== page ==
The 5 steps to treating groin injuries
Step 1: Identify the cause of your pain
Getting your injury diagnosed and understanding what exactly caused the injury in the first place will stop you from wasting time on treatments and exercises that aren’t appropriate.
Unfortunately you cannot get an accurate diagnosis from Google but it is possible to get one via video call! A sports physio is a good person to consult about this, as they can:
Determine what is wrong by listening to how your injury developed, analysing your training schedule and getting you to perform certain test movements, all of which can easily be done via video call. We get all of our online patients to perform a full battery of tests in front of the camera to check their muscle strength and movement patterns. We often also get them to film themselves running on a treadmill so that we can play it back in slow motion and identify factors that could have contributed to their injury.
Provide you with a treatment plan that addresses all the aspects, including how you should adjust your training and what you need to do to strengthen your body and allow your injury to recover.
Step 2: Relative rest
Yes, your injury will likely require a bit of rest to recover BUT you don’t always have to use complete rest. We're firm believers in relative rest, which means that a person continues all exercise that does not trigger their pain.
For instance, if you can run 3 miles slowly without an increase in pain during or in the 24 hours after the run, then that is fine to do. But if it does cause your pain to increase, it may be a better option to run shorter distances or stick to cycling or swimming for a while.
There’s really no recipe for this. We tend to have a thorough discussion with our patients about when they feel pain and what happens with every type of exercise they do and then come up with a plan. This plan is also not cast in stone – we try and teach our patients how to decide for themselves what is good vs. what should be avoided.
Relative rest can be a very effective way to maintain your fitness and sanity while actually strengthening your injury!
Step 3: Build strength and flexibility
Some injuries, e.g. hip flexor strains, can be caused by not being flexible enough while others, e.g. adductor tendinopathy and osteitis pubis, are usually caused by a lack of muscle strength/control around the pelvis and trunk.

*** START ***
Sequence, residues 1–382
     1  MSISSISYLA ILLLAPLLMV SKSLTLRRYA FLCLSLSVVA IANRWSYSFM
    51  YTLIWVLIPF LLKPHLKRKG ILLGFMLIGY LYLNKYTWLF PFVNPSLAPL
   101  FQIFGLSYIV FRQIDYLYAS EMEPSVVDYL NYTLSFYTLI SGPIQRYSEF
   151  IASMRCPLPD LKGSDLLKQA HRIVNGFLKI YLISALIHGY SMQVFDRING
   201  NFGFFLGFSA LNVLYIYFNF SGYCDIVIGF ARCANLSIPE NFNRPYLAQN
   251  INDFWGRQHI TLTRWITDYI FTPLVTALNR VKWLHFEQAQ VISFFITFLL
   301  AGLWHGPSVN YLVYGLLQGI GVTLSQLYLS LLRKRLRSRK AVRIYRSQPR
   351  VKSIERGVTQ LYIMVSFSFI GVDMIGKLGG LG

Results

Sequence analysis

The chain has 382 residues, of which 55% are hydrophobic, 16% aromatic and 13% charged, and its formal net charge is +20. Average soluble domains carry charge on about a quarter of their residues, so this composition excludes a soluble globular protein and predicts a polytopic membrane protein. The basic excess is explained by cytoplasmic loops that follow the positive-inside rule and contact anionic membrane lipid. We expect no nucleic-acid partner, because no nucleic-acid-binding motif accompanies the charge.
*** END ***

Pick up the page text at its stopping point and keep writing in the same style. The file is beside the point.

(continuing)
You can see how understanding your injury and its causes plays a key part in deciding what exercises you should do. That said, most groin injuries can usually benefit from improving core and glute strength.
The level of strength training that you start with is also important. Some injuries will allow you to immediately do heavy or strong core workouts while others will flare up if you’re not careful. The exercises that you choose to do should not cause any increase in your symptoms during or after doing them.
Step 4: Your exercises should be progressed over time
Your injury won’t get back to its full strength if you just do the same exercises all the time. Your strength training programme should be progressed over time as you recover and grow stronger.
We usually set our patients clear targets to hit so that they know when they’re ready to move on to the next step. For instance, if you can do single leg squats with extra weight and hop 20 times with good form and no pain, you may be ready to trial a short run/walk session.
Step 5: Slow return to running
This is where most people get it wrong, so please be careful when you go back to running. Your first few runs should be run/walks where you alternate short periods of running and walking.
A run/walk session has two benefits:
If you do aggravate your injury, you usually just annoy it rather than properly making it angry, which means that it settles down again within a few days. If, on the other hand, you’ve gone and done a full-on run, you may end up flaring it up for a week or more.
A run/walk session is a great way to strengthen your legs, and most of our patients find that they can progress to a continuous 20 minute run within 2 or 3 weeks of starting to run/walk.
Of course, you have to make sure that you've built up to it by doing strength training and building your walking endurance.
How we can help
Need more help with your injury? You’re welcome to consult one of the team at SIP online via video call for an assessment of your injury and a tailored treatment plan.
We're all UK Chartered Physiotherapists with Master’s Degrees related to Sports & Exercise Medicine. But at Sports Injury Physio we don't just value qualifications; all of us also have a wealth of experience working with athletes across a broad variety of sports, ranging from recreationally active people to professional athletes. You can meet the team here.
About the Author
McAleer, S. S., et al. (2015). "Management of chronic recurrent osteitis pubis/pubic bone stress in a Premier League footballer: Evaluating the evidence base and application of a nine-point management strategy." Physical Therapy in Sport 16(3): 285-299.